3. Death (shi-ma), This includes the suffering inherent in bereavement and that evoked by the thought of our own demise. In a world where technology seems to have the answers to so many of life’s problems, death is often difficult for people to deal with. It is possible to talk to an astronaut on a moon walk, but not to a parent who has died. Worse, we can plan the details of our daily existence minutely, but we cannot plan when or how we will die. Perhaps, in defence, we skirt the issue, and pretend indifference. When the reality is brought home, particularly in the sudden or early death of someone we love or deeply respect, it can provoke so much unease and upset that we seek to hide from it.
Since the basic Buddhist principle of the eternity of life invites the contemplation of the relative brevity of each of our sperate lifetimes, if we are not prepared, deep-seated terror can prevent us from exploring its implications, and cause evasion. Ultimately, this can mean the cessation of our practice, which not only prevents the attainment of Buddhahood for the individual but also prevents us from praying for the happiness of others, including those who have already died.

4. The Devil of the Sixth Heaven (tenji-ma). This is the symbol of the most serious hindrance of all. It is the most powerful of all the negative forces, and takes the form most likely to trouble us or cause us to suffer from doubt or illusion. Nichiren Daishonin equates it with the fundamental darkness inherent in all life. Tenji-ma comprises all deceptions and delusions, especially those which arise from misleading religious beliefs. At first sight, this may not appear to amount to much, but actually, the actions taken on the basis of a distorted view of reality can cause tremendous unhappiness, not only to oneself but everyone in one’s environment.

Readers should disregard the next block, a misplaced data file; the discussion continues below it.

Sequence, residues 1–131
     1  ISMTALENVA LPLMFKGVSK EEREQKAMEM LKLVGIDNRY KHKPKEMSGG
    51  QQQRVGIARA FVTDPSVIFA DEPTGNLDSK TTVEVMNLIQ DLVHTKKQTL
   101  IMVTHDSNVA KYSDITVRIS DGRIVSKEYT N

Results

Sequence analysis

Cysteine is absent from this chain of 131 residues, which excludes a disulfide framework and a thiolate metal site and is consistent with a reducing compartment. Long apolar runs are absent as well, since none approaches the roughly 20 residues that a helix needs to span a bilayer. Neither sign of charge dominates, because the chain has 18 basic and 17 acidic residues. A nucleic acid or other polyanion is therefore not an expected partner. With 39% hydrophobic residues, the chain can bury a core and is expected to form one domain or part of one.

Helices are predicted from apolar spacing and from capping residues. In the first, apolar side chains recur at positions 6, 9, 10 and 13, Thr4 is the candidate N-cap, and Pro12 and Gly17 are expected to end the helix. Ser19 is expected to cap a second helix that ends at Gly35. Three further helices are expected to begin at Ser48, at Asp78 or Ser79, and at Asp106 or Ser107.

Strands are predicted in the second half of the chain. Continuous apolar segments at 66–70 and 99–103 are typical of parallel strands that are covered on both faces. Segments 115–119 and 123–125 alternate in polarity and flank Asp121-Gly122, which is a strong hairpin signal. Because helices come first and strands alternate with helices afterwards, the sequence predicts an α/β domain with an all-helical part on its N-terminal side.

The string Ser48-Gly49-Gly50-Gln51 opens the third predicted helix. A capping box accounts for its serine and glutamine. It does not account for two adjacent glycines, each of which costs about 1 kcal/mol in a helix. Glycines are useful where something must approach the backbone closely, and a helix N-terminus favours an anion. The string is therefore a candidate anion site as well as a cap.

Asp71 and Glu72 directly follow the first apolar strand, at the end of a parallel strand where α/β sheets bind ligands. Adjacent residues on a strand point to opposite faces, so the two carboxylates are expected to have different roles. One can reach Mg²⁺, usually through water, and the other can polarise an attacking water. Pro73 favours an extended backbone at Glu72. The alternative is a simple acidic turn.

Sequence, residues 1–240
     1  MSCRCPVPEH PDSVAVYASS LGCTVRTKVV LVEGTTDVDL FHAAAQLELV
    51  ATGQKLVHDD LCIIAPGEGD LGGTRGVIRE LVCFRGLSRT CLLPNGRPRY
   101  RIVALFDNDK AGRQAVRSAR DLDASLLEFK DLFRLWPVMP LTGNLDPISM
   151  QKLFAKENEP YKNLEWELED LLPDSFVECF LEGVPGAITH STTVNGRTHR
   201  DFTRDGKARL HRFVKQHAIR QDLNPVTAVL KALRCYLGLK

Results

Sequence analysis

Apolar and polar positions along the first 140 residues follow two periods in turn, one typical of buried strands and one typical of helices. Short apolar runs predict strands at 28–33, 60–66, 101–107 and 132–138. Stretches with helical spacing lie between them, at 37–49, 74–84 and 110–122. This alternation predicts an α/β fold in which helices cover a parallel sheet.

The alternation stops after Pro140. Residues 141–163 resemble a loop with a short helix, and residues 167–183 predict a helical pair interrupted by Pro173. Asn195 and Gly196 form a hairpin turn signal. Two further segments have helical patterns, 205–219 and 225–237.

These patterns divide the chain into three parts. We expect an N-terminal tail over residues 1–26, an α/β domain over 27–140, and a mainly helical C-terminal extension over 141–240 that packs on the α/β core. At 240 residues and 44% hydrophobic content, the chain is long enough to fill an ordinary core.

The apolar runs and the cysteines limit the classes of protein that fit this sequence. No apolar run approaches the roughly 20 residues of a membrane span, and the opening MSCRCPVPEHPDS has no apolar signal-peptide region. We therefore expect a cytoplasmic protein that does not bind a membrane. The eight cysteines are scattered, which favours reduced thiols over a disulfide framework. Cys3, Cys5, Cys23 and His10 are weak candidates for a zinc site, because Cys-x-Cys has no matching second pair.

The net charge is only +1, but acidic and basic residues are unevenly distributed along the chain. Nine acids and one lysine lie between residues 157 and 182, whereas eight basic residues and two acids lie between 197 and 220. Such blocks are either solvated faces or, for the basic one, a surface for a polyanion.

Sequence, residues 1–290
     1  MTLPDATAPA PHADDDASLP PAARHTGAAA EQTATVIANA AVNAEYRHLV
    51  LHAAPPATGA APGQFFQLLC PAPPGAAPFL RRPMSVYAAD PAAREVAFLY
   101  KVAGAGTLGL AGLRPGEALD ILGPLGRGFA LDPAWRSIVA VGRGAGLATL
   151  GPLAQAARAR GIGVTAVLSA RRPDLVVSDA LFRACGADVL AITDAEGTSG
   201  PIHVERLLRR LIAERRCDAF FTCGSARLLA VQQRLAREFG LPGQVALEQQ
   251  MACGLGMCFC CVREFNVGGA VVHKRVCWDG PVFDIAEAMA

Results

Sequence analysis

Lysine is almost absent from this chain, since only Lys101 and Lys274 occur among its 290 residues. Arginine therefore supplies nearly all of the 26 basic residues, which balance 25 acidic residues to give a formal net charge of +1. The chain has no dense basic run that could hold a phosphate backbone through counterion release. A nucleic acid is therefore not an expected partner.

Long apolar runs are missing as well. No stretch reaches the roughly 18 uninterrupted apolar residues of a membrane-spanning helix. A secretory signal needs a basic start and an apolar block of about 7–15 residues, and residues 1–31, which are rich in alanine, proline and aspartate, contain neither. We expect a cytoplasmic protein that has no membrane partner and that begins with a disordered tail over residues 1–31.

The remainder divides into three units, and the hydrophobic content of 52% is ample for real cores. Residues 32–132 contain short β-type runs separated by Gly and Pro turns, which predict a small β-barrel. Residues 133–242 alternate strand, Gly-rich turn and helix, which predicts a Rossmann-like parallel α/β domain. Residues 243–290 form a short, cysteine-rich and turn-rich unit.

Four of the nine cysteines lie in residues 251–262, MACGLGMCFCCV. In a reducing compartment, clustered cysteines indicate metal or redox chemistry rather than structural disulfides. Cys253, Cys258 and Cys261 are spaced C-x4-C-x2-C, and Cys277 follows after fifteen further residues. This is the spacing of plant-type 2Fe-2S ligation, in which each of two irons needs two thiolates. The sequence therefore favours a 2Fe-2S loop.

Obviously, as we are all individuals with different circumstances and characters, the sansho shima we experience will differ. Also, when we are confronting it head on, trying to work out which particular devil or obstacle we are fighting could well be irrelevant. It can be useful, however, to recognize that our difficulty is sansho shima in its broadest sense and that it has arisen precisely because our faith and practice are getting stronger – at the same time showing us a weak point in our amour of faith which needs strengthening. In fact, it is a chance to flex our muscles, and realize another part of our potential, and see our Buddha nature emerging.

Indeed, sansho shima is vital to our growth as human beings, for without it we would not be able to prove the power of the Gohonzon. As Nichiren Daishonin explains:

“If you propagate it (i.e. this Buddhism) devils will arise without fail. Were it not for these, there would be no way of knowing that this is the true teaching”. (MW-V1 p.145, WND p.501)

Once we can see that even our sansho shima has a positive function, by showing us that we’re on the right track, we need fear it no longer. It’s part of us, just like our Buddhahood.

Comments

( 1 comment — Leave a comment )
jorikajyp
Oct. 31st, 2011 10:12 pm (UTC)
Hi there, awesome site. I thought the topics you posted on were very interesting

( 1 comment — Leave a comment )